A complaint filed against a group of Republican political consultants and lobbyists, accusing them of failing to file proper redistricting lobbying disclosure, grew larger Monday, when the complainant added new interactions between the complaint targets and Colorado's redistricting commissioners.
The complaint, initially filed with the Colorado Secretary of State in August, accused Republican political consultant Alan Philp of failing to file lobbying disclosure reports according to the state's rules, and accused former Republican Speaker of the House Frank McNulty and former Republican state lawmaker and now-lobbyist Greg Brophy of failing to register as redistricting lobbyists and report their interactions with redistricting commissioners. All three work for Colorado Neighborhood Coalition, a 501c4 nonprofit organization that doesn't disclose its donors.
The Secretary of State's office has since said the matter will receive a full investigation.
The complainant, former Democratic state lawmaker Stanley Matsunaka, on Monday added to the several occasions that he argues needed to be reflected in public disclosure reports filed by Philp, including text exchanges between a Republican redistricting commissioner and Philp, during the commission's hearings. In July and August, records obtained using Colorado's public records law show Philp suggested mapping ideas to Commissioner Jason Kelly, during the commission's meetings. Kelly and Philp also met earlier this month and in August, over Zoom calls, the same records show.
During a July 20 commission hearing, Philp texted Kelly: “Someone might want to politely ask him if he opposes current map that splits Jeffco 3 ways.”
Again during the commission's August 23 hearing, Philp sent Kelly a question about an issue being discussed: “What about a town like Windsor split between 2 counties?”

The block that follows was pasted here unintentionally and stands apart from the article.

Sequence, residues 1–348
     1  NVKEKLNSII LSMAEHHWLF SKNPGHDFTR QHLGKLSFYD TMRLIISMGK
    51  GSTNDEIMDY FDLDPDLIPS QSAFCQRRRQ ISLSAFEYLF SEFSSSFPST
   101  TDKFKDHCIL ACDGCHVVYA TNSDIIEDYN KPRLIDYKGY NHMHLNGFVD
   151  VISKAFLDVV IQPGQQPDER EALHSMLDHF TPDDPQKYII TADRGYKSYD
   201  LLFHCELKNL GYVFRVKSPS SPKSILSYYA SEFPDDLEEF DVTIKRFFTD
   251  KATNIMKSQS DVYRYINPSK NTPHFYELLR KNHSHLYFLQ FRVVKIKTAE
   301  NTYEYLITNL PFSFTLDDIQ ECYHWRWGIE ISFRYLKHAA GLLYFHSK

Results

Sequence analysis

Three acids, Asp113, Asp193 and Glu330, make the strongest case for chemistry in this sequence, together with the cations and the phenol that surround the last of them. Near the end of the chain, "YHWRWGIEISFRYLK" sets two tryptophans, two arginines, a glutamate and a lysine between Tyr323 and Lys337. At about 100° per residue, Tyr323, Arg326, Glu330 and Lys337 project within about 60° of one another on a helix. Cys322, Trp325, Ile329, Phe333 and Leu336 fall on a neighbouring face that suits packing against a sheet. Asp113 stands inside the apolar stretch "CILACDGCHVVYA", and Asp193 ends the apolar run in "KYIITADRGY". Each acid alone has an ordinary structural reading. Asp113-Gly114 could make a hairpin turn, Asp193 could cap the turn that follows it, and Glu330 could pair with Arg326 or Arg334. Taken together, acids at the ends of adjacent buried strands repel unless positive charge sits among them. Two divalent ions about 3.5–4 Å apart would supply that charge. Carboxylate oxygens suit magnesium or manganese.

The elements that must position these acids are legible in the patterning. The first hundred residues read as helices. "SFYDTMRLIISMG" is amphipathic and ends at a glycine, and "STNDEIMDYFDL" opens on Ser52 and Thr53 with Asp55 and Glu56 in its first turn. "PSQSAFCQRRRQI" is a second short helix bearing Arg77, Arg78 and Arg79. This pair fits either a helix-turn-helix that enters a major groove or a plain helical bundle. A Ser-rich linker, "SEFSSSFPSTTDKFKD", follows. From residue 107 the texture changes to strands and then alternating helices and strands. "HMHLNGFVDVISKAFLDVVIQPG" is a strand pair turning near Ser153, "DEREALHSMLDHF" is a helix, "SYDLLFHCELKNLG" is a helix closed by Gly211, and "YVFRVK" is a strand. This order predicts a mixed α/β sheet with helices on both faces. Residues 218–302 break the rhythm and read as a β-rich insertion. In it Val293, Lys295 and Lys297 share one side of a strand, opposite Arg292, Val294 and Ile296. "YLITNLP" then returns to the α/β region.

"Excellent point," Kelly responded.
The amendment to the complaint, filed Monday, argues that all of Kelly and Philps' interactions should be documented in lobbying disclosure requirements.
Mark Grueskin, the Democratic attorney who filed the complaint and the amendment to it, also is a registered redistricting lobbyist for a 501c4 nonprofit organization called Fair Lines Colorado that also doesn't disclose its donors.
Curtis Hubbard, a spokesman for the same group Grueskin works for, said his organization and Colorado Neighborhood Coalition are disclosing their interactions with commissioners in completely different ways, and that Colorado Neighborhood Coalition has failed to follow the Secretary of State's rules.
"Fair Lines lobbying disclosures cover conversations, testimony, and written comment surrounding redistricting criteria," Hubbard said. "We have filed dozens of timely disclosure reports as the rules require. Records obtained only after turning to Colorado's sunshine laws, on the other hand, show the clandestine lobbying on behalf of Republicans has continued unabated even after they were caught willfully ignoring the transparency provisions of Amendments Y and Z."
Frank McNulty, the registered agent for Colorado Neighborhood Coalition said he maintains that he and Brophy are not engaged in lobbying and that Philps' disclosures are sufficient.
"Alan complied with the demands of the Secretary of State's office in filing his information and Greg and I aren’t required to register," McNulty said of the amended complaint. "We’re not lobbyists."
About one in every seven public comments submitted to the redistricting commissions matches verbatim to others.